Many testing organizations become frustrated with the limitations of a legacy test platform. They are also burdened by the overhead of keeping up with aggressive product lifecycles. But changing test platforms can be too daunting, leaving legacy solutions in place years beyond their useful lifetimes.
This blog addresses the challenges of migration to a new test automation platform and lays out the first step on a path for successful migration, a Proof of Concept (PoC).
What is a Proof of Concept?
Before launching a new product, adopting a new methodology, or migrating to a different platform, your organization will benefit from evaluation of the proposed solution. Defining the scope for a PoC is key to obtaining useful results. In the case of test automation, that evaluation should replicate as many attributes of the new use case as possible. ,
With rich software environments, such an evaluation calls for a Proof of Concept, where the outcome can help stakeholders to make informed cost:benefit decisions about migration.
Challenges and Risks of Test Platform Migration
As with any type of legacy software, moving to a new test automation platform presents risks in configuration, programming, and operation:
Need to learn a new testing framework, a different architecture, or an unfamiliar programming language
Compatibility and interoperability with existing test software and hardware instrumentation
Stability and quality of the migration target
Utility and usability of solution outputs
Possible interruption or degradation of existing operations, e.g., ability to collect results data and maintain testing continuity
Rather than taking a “leap of faith”, a proof-of-concept lets you test and evaluate important metrics and parameters in a real-world setting.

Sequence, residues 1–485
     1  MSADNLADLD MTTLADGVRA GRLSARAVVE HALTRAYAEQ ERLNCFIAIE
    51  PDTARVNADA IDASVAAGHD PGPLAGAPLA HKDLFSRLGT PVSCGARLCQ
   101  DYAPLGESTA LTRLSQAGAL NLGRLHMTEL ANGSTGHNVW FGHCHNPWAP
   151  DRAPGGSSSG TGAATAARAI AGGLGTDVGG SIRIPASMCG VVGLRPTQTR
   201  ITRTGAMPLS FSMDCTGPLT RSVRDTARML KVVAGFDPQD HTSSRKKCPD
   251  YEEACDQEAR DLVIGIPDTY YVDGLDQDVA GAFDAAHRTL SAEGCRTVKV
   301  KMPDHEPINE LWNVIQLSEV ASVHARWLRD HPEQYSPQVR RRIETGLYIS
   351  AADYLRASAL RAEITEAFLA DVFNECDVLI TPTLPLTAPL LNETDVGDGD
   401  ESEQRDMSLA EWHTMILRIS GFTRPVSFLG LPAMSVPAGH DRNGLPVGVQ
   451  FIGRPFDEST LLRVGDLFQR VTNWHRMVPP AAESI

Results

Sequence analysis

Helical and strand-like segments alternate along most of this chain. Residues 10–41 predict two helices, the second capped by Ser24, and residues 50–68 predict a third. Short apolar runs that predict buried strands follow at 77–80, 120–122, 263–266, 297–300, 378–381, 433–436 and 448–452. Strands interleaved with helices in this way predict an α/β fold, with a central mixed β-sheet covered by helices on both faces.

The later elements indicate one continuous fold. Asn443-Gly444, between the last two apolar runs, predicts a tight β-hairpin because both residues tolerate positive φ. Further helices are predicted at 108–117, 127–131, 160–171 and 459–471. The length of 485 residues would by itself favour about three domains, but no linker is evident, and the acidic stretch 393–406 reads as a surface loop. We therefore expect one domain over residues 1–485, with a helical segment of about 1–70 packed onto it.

A proof of concept may seem like a lot of effort. Formalizing your platform evaluation, however, delivers significant benefits, in general and for Test Automation migration.
Test Automation Migration
|Feasibility||Highlights whether a project is feasible. Discovering flaws in assumptions at an early stage helps you to decide whether to pursue further or to look elsewhere||Will the new test automation platform handle legacy test cases and instrumentation?|
|Can provide a realistic basis for real-world costs. A PoC can uncover hidden costs or find new ways to save money once the actual project is underway.||What type and scope of resources will be needed to migrate test code and instrument interfaces to the new platform?|
|Helps to spot risks and obstacles early, so you can find ways to mitigate problems before they develop||Performance gap? New skills required?
Sufficient interoperability? Downtime required?
|Shows you what to expect from the completed project. You may discover new uses or additional applications during the proof of concept stage||Create workflows and integrations that can carry forward into production-ready test plans|
|Elicits feedback before the full project is in motion, helping you to make necessary modifications before beginning implementation.||Test prototype plugins for DUTs and evaluate test case mapping from legacy to the new platform|
|Can show your project has a high likelihood of success, spurring management to approve it.||Demonstrate value of a new test automation platform to stakeholders|
An OpenTAP PoC
Engaging in a Proof-of-Concept before committing to a migration to OpenTAP (or any other platform) gives you and your team a preview of what’s to come. If nominally successful, a PoC also enhances your ability to justify such a move to management.
Following are questions you should ask going into and coming out of a migration PoC:
What are the high-level requirements for the product or service under test, and for the test platform?
Are the PoC parameters realistic? Can you reliably use the platform in a real-world setting?
Is the scope of the PoC small enough to be manageable but extensive enough to yield useful results?
Are software, hardware and human resources available to support to PoC?
Are actual stakeholders and users involved in the PoC?
Can you estimate and defend the costs of the PoC and the migration?
What other technologies are needed to integrate/operationalize the new solution?
How are you going to collect and analyze feedback from the PoC?
What metrics will you use to compare the new and legacy approaches?
This checklist may not be exhaustive, but it offers a starting place for planning your PoC.
Tell Us Your PoC Story
The PoC (a.k.a. “pilot”) in the OpenTAP video Seeing Is Believing gave Francisco, Gabriel and their team sufficient confidence to move their OpenTAP migration forward, towards production. We’d love to hear about migration proofs-of-concept carried out by our readers in the OpenTAP ecosystem.
You can share your PoC experience or pose questions